The internet has opened up many opportunities for young people to gain access to enormous amounts of content. This content can be educational, informative and fun. Unfortunately it has exposed young people to graphic imagery and adult material that would have been harder to stumble across in a pre-internet era.
Nobody’s immune from seeing sexual content online – whether they want to or not. Some sexual material is legal to look at if you’re over a certain age while other sexual content is illegal for anyone to view.
In New Zealand, sexual content is defined as either ‘objectionable’ or ‘restricted’ material under the Films, Videos and Publications Classification Act 1993.
What is classified as ‘age-restricted’ and what is ‘objectionable’?
In most cases, age-restricted material is illegal to sell or give to a young person under the specified age (usually 18). Age restrictions are in place as that’s when society thinks young people are old enough to understand what’s happening and can make an informed choice about what they are looking at.
Objectionable material is illegal for anyone to possess or look at. It’s not the type of thing you might see on sale at the dairy. ‘Objectionable’ material includes content which involves children, animals, dead people, cruelty and severe violence.
What happens if you look at age restricted pornography?
Pornography is legal in New Zealand but if you’re a child looking at sexual material that is age restricted you may get in trouble if your parents or caregivers discover what you’ve been viewing.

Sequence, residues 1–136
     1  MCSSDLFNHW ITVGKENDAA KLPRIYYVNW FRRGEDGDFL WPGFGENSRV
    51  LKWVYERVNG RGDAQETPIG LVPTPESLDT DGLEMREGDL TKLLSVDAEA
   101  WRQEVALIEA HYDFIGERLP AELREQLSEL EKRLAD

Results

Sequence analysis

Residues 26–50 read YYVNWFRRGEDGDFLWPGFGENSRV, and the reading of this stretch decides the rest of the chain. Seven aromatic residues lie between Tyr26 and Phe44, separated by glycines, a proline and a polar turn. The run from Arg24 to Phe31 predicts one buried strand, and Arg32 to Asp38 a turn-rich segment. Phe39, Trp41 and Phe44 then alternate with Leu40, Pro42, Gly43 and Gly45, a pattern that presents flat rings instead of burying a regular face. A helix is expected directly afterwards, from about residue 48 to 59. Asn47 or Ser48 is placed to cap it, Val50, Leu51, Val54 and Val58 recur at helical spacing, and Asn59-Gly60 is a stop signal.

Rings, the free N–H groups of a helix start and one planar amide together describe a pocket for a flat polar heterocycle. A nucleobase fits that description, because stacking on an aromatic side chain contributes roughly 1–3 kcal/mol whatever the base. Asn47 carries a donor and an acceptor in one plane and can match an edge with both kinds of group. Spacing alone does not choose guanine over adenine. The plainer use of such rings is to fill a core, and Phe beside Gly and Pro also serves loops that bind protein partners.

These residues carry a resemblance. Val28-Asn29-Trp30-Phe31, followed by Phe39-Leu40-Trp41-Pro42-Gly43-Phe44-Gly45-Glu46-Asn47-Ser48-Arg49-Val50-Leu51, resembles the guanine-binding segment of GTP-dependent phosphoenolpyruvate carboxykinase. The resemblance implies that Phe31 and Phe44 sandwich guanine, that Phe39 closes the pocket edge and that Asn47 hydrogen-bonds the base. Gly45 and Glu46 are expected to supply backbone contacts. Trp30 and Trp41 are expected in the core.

Anybody who supplies, distributes, exhibits or displays a restricted publication to someone who does not meet the age criteria specified is committing an offence.
What happens if you look at objectionable material online?
No matter what age you are, viewing objectionable material is always illegal. If you come across objectionable material accidentally you should make a note of the URL, before leaving the site and then reporting it immediately. You can make an annoymous report of URL’s that contain objectionable images to NetSafe’s at netsafe.org.nz/report. Do not under any circumstance copy the material, download it, make a screenshot of it, or forward it onto anyone. Any of these actions could see you liable for prosecution.
Any time someone downloads objectionable material there is the potential for an offence to have been committed. The maximum penalty for someone ‘knowingly’ in possession of objectionable material is five years in prison.
Law enforcement officials will prosecute people actively trading (distributing or swapping) or who have collected a large amount of objectionable material. If you knowingly make a copy of an objectionable publication and/or supply objectionable material to another person, you may be sentenced to a fine of up to $200,000.
How to stop getting pornographic emails
If you’re getting these type of emails you’re probably receiving spam. There are a few things you can do:
- Use spam filters to limit the delivery of this type of email.
- Delete the emails when they arrive.
- Don’t click on the links to unsubscribe or be removed from the mailing list as this may make the problem worse and add your email address to other distribution groups.
It’s important you don’t open emails advertising child sexual abuse material (Sometimes referred to as “child pornography”) or forward the material you receive, you should take note of the address or link and report it.
More advice and information:
- Visit the Department of Internal Affairs website to read more about the Films, Videos and Publications Classification Act 1993.
- Report Child Sexual Abuse Material to Netsafe on 0508 NETSAFE or netsafe.org.nz/report